Tuesday, July 28, 2015

The Watchman has been set

Who's ready to talk about Go Set a Watchman? Anyone? Here, I'll start and then you throw your 2 cents in.

First, let's talk about the controversy. Some say Harper Lee did not authorize this publication, that she was hoodwinked by her conniving lawyer who was snooping around and found the manuscript and got great big dollar signs in her eyes. This may be true. It also may be true that Harper Lee is old and tired and thought, oh why not. Let them have it. My guess is that the truth lies, as it usually does, somewhere in the middle. But regardless, we have it now. And I'm going to throw it out there that it's the biggest thing to happen to American literature in our lifetime. So boycott it if you will (I've heard of several people who are) but we'll never know the truth and I couldn't pass it up.

Also, it's a good book. Even without any nostalgia attached to it, it's a good stand-alone book. It needs some editing. Apparently there was very little done to what they found. There are some rambling bits and arcane references that would have been smoothed over had a guiding hand been involved. But all in all, I enjoyed it very much. And how can you not be nostalgic about it? Nearly everyone we love is there.. Scout (now Jean Louise) is 26 and living in New York and comes home for two weeks to check in on Atticus who is old and rheumatic. Calpurnia, Jem, and Dill all show up in some form. There are several flashbacks that were just as charming as anything in Mockingbird. It was the flashbacks, in fact, that made it so clear why Lee's publishers declined this book and asked her to write something about Scout as a child. Her feistiness was much more appealing as a child then as an adult.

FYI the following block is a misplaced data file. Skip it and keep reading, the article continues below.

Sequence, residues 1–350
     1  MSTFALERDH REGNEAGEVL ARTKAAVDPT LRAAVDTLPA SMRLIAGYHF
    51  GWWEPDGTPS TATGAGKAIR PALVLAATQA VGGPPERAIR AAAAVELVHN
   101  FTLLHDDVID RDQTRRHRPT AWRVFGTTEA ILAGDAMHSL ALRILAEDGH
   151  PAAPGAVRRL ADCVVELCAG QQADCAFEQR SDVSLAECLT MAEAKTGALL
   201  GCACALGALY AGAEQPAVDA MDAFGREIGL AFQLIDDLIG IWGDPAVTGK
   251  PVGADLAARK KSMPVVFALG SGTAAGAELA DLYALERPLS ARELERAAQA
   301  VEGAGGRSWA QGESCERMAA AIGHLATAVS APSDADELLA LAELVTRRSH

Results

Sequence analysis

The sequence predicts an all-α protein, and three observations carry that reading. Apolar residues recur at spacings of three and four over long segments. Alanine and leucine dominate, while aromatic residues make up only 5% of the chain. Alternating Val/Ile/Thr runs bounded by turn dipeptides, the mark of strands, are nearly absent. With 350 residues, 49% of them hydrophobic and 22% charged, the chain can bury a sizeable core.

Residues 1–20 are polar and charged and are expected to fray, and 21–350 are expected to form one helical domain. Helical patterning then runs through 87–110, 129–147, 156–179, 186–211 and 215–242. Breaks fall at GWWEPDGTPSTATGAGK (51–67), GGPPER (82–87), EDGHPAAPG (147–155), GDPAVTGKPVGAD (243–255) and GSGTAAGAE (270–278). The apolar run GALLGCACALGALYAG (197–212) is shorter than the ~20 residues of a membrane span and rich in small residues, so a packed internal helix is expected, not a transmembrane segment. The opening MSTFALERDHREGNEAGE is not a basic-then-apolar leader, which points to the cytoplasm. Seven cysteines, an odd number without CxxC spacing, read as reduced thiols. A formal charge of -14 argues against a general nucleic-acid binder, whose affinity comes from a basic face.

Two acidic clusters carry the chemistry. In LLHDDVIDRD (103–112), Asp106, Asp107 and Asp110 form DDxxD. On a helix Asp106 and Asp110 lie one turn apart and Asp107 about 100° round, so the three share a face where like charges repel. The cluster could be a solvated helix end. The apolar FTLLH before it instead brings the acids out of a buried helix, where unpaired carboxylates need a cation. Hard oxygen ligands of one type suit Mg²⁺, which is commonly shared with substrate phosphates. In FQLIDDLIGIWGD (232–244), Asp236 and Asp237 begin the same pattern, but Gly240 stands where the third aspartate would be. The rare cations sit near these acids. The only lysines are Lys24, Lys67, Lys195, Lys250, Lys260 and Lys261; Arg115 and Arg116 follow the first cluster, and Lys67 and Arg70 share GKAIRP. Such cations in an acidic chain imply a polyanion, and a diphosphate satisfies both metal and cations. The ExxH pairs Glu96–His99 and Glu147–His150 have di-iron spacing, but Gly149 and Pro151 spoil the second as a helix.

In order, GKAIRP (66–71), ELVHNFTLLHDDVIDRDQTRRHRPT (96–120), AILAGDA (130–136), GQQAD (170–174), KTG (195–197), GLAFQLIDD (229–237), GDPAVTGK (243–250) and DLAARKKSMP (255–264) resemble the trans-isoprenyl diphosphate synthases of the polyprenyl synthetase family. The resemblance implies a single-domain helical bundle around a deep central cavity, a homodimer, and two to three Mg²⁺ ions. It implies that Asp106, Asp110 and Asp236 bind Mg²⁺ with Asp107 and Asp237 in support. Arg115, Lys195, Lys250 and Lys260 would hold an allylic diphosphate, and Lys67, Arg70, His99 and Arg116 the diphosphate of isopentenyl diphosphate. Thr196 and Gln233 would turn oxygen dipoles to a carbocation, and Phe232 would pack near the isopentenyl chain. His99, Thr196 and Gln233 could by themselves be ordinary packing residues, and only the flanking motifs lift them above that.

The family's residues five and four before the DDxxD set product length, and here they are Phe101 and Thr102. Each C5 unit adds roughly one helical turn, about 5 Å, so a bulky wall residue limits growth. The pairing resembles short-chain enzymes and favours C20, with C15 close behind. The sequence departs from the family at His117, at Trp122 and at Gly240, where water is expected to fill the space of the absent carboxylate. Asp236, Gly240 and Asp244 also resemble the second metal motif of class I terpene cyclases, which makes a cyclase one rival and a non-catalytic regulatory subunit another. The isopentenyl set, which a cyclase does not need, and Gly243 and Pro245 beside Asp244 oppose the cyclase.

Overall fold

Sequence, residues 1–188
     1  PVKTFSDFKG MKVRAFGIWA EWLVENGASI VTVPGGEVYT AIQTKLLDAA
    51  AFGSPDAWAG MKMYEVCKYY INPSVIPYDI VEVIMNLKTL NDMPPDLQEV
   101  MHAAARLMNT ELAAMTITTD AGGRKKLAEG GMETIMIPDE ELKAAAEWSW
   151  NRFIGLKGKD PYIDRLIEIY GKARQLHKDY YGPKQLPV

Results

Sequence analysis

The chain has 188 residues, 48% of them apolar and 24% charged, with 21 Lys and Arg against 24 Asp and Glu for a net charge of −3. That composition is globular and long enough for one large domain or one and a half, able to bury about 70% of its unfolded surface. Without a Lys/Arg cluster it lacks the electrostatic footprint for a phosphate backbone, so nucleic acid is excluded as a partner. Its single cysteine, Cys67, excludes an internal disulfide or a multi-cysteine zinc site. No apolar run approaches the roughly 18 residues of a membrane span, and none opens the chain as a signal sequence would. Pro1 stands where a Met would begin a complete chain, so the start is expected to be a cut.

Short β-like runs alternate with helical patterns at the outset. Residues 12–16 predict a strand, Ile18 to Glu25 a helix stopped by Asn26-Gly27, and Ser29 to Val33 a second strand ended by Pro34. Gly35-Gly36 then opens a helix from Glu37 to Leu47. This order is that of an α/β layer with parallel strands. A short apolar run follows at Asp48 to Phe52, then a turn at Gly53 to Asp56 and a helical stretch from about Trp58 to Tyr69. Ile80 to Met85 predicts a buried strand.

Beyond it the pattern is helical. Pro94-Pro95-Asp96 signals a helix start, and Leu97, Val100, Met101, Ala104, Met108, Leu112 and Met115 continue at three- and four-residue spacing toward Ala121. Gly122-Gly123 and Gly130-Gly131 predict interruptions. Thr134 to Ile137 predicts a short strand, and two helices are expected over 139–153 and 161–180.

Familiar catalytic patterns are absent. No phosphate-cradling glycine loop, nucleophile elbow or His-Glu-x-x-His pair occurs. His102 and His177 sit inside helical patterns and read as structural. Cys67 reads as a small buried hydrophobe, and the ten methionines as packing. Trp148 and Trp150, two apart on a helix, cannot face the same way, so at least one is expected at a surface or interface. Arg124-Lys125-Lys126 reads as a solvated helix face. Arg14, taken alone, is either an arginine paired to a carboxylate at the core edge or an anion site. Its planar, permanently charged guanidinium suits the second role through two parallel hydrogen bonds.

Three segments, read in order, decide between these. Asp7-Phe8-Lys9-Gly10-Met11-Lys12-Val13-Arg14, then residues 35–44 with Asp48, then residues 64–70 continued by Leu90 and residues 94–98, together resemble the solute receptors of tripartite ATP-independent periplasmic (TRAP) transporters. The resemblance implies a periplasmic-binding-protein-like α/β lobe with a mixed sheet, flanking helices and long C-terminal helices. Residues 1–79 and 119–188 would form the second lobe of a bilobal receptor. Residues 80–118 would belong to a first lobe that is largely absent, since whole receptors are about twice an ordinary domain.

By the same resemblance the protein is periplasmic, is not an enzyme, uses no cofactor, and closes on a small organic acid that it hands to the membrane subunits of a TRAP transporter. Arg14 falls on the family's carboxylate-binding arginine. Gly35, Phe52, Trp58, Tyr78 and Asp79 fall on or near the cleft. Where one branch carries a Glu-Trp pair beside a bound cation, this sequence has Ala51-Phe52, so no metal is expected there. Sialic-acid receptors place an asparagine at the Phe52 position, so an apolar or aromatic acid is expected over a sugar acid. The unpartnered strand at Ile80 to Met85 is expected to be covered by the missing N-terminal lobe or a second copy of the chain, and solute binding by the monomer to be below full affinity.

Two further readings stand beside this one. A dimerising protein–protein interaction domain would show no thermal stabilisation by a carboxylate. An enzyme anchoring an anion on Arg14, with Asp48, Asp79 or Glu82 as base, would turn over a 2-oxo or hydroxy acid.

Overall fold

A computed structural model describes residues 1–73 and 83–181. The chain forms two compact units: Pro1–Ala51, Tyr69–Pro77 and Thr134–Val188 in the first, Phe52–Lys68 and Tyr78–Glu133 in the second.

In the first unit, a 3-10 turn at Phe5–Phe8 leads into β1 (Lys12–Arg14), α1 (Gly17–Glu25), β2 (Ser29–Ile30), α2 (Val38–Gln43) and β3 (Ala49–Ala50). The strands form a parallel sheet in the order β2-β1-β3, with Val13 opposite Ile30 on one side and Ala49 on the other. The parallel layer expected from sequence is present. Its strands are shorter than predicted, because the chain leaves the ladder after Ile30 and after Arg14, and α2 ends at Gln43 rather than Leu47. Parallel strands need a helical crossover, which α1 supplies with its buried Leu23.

But it's her feistiness that propels the story along once she finds out that her dad is a racist. Yep, the hysterical reviews were right. Atticus is a racist. He says some really horrible shocking things. Things that truly turned my stomach. Although it is not any different from what any other white southern man in the 1950s was saying. Which makes this a much more realistic book then TKAM. I mentioned earlier that I was afraid I was going to have to think of Atticus as being from some alternate universe. Bizzaro Atticus. But that was not the case. He was the same sweet, patient, honorable man. The pain of his newly revealed beliefs was both compounded and eased by Scout feeling the exact same way as I did. Every generation changes perspective on social issues. Scout said plenty of things in the book that if said today would end up on the internet and get her fired. We're all flawed. 

So there you go. Let me know when I should schedule the book club. I'm dying to talk to people about this.

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